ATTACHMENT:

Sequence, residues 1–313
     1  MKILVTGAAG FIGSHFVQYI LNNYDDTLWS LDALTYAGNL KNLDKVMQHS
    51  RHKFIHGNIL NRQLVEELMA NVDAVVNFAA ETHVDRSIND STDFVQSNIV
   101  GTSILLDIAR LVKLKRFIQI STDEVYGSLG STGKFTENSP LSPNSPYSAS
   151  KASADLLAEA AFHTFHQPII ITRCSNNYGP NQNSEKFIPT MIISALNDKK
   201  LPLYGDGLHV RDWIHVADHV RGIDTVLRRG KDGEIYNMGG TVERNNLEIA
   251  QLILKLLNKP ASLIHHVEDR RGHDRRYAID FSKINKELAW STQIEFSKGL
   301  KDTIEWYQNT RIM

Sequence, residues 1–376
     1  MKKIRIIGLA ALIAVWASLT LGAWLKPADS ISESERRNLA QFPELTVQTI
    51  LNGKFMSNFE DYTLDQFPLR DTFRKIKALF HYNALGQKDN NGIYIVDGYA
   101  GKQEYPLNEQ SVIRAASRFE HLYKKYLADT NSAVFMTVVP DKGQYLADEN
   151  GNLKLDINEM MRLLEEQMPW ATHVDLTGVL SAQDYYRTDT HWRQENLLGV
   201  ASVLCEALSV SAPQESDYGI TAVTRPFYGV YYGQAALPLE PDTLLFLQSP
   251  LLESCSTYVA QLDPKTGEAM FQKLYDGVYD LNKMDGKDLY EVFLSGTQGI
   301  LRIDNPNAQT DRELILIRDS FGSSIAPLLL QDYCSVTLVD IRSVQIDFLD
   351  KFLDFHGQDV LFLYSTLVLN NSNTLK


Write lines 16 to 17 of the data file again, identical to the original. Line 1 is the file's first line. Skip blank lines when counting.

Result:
   301  LRIDNPNAQT DRELILIRDS FGSSIAPLLL QDYCSVTLVD IRSVQIDFLD
   351  KFLDFHGQDV LFLYSTLVLN NSNTLK